A bachelor’s in three years? Colleges just got a green light to get in the game.
Mar 2024

A bachelor’s in three years? Colleges just got a green light to get in the game.

Merrimack College and New England College are working on shortened degree programs, and others should take a careful look at an approach that could lower costs.

By The Editorial Board

Offering a lower-cost, shorter degree could increase chances of student success. Over the years, college tuition and fees have steadily risen, and many graduates leave school with enormous student loan debt. Around one-quarter of first-time bachelor’s degree students and 40 percent of all undergraduate students drop out before obtaining a degree, according to the Education Data Initiative, often for financial reasons.

Michael Poliakoff, president of the American Council of Trustees and Alumni, a nonprofit focused on improving educational quality, suggested that colleges could cut electives, revise core curriculums, and still offer a quality education. “A well designed 90-credit-hour program could get students ready for work and citizenship without the financial and opportunity costs,” Poliakoff said. “For accreditors to dig their heels in and say only a 120-hour program will be sufficient is simply ignoring reality.”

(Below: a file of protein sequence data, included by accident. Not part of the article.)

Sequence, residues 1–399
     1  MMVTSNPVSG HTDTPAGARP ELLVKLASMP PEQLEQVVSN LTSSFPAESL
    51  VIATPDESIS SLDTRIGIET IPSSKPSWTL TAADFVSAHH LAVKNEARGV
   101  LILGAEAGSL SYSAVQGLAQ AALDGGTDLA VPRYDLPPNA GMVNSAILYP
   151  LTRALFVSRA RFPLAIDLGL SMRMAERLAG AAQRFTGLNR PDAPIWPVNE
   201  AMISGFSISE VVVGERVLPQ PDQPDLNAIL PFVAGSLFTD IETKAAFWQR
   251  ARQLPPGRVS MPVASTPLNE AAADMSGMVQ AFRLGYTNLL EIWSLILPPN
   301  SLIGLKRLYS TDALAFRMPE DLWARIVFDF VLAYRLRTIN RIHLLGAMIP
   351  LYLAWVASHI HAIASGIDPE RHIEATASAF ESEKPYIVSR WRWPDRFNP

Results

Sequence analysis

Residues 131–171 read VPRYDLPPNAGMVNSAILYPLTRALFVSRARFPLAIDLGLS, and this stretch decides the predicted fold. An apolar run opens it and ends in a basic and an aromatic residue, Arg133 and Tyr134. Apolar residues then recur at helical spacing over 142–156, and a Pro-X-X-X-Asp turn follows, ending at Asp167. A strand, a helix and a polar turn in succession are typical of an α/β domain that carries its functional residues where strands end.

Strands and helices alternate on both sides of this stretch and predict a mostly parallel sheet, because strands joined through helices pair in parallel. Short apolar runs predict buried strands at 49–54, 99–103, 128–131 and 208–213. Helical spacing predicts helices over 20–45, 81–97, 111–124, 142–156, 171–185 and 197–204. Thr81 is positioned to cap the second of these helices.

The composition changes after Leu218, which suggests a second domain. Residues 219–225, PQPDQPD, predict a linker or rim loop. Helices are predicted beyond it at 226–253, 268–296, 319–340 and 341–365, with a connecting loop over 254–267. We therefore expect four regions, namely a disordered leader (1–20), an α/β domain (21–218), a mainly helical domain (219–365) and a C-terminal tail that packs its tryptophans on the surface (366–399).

There are existing tests that measure how colleges are performing and whether students are learning, which could be used to assess how much students are learning from a shortened bachelor’s program compared to a traditional degree. As Michael Horn, an education writer and lecturer at Harvard who cofounded the Clayton Christensen Institute for Disruptive Innovation, said, “I’d much rather be certifying demonstrations of learning as opposed to focusing on is it three years or is it four years.”


Leave a reply